So much for Obama’s promise to the American public to end “game playing” in Washington. No sooner had he entered the oval office, then he commenced game playing, inviting those he vilified during his campaign to meet in close quarters where he promised to keep for them their sacred cow, one of the largest corporate welfare plans in United States history, the no-negotiation provision in prescription drug bill, if they helped him pass his signature piece of legislation, Obamacare.
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This single episode is typical of the Obama Administration. The cynicism is thick. Promise the American people an end to a detested corporate welfare program while on the campaign trail, then violate their trust once in office by quietly making friends with those defined as enemies during the campaign and keeping the very program you promised to end. True to form, most recently, as he leaned over to outgoing Russian President Dmitry Medvedev, Obama said in reference to prospective negotiations on reduction of American missile defenses (unaware of the open mic): “This is my last election. After my election, I have more flexibility.” Indeed, this President readily pledges to the American public what he thinks he must to get elected, then once in office, he views himself as free to do what he pleases unconstrained by his pledges.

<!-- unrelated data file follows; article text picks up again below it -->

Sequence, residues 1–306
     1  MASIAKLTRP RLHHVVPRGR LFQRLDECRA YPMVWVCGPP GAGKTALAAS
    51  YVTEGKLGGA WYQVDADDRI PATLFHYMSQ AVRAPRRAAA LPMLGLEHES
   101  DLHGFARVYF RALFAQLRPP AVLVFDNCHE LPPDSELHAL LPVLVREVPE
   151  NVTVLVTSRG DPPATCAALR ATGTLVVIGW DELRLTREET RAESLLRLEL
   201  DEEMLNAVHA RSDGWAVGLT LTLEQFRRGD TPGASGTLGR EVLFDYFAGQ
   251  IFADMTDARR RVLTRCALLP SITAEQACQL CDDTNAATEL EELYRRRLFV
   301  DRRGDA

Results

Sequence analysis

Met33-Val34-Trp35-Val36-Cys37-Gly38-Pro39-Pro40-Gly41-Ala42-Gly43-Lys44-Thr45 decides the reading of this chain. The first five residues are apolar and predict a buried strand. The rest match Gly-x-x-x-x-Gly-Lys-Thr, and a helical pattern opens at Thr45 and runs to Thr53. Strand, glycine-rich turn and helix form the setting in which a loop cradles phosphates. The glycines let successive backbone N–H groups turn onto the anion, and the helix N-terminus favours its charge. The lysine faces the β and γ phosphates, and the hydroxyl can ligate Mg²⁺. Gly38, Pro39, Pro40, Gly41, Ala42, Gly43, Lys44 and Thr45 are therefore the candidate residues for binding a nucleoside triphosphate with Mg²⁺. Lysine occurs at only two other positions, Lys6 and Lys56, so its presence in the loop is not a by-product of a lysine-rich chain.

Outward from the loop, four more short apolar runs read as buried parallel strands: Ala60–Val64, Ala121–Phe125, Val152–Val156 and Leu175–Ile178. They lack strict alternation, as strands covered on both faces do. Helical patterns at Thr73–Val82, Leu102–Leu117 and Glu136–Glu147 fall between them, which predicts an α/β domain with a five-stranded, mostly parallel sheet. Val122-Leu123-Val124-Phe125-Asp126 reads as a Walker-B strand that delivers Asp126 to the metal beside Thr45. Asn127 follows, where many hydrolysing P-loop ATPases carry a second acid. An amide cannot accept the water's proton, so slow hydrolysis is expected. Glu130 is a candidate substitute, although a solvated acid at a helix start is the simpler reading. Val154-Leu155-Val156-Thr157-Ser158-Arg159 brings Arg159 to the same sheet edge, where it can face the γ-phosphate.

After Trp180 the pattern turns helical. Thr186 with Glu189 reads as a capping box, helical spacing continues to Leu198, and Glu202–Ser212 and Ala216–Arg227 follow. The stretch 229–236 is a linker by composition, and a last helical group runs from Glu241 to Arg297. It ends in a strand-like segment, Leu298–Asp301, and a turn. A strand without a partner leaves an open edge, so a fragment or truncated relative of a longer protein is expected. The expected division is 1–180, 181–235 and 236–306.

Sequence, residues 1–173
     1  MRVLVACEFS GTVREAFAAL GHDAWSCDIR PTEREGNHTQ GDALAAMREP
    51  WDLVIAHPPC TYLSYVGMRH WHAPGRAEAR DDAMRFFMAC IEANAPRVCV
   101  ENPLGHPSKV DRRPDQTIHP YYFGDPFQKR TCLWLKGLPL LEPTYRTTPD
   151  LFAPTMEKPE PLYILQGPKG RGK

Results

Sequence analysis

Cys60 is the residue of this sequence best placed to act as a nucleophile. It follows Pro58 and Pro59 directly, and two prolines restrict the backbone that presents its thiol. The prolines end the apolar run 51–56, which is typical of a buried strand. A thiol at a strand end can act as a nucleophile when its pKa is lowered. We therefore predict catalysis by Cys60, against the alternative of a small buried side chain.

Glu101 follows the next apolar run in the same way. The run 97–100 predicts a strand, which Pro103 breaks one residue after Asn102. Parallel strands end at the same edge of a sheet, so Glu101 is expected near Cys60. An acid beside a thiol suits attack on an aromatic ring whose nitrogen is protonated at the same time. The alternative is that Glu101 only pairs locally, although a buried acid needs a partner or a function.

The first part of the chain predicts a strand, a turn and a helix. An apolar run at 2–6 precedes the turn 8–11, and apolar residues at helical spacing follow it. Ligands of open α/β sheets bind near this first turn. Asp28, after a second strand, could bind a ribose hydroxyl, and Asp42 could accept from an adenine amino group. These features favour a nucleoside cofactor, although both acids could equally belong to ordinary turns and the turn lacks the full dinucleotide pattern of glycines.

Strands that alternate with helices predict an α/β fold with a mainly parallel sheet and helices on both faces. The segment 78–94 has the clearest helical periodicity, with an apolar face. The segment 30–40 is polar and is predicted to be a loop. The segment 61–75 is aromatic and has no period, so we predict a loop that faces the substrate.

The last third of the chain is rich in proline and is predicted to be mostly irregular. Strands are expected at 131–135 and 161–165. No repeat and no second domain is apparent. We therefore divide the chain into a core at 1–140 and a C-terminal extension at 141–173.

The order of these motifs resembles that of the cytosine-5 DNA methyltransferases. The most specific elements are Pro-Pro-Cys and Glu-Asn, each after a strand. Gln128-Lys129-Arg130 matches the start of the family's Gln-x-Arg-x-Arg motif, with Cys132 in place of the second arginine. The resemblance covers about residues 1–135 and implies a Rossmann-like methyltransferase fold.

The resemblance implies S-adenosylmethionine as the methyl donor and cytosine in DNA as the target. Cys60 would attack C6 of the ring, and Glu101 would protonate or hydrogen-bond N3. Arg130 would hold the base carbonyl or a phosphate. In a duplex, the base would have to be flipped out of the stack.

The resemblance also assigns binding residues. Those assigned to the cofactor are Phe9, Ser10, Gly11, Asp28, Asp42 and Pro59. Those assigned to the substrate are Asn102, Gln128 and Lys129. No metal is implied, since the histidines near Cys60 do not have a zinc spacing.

Perhaps the American people will come to appreciate in time for the next election the reality at work. This President by word and deed is a chameleon who blends in with his surroundings as necessary to permit stealthy achievement of a hidden agenda antithetical to the best interests of the American people.
� 2012 Jonathan W. Emord - All Rights Reserved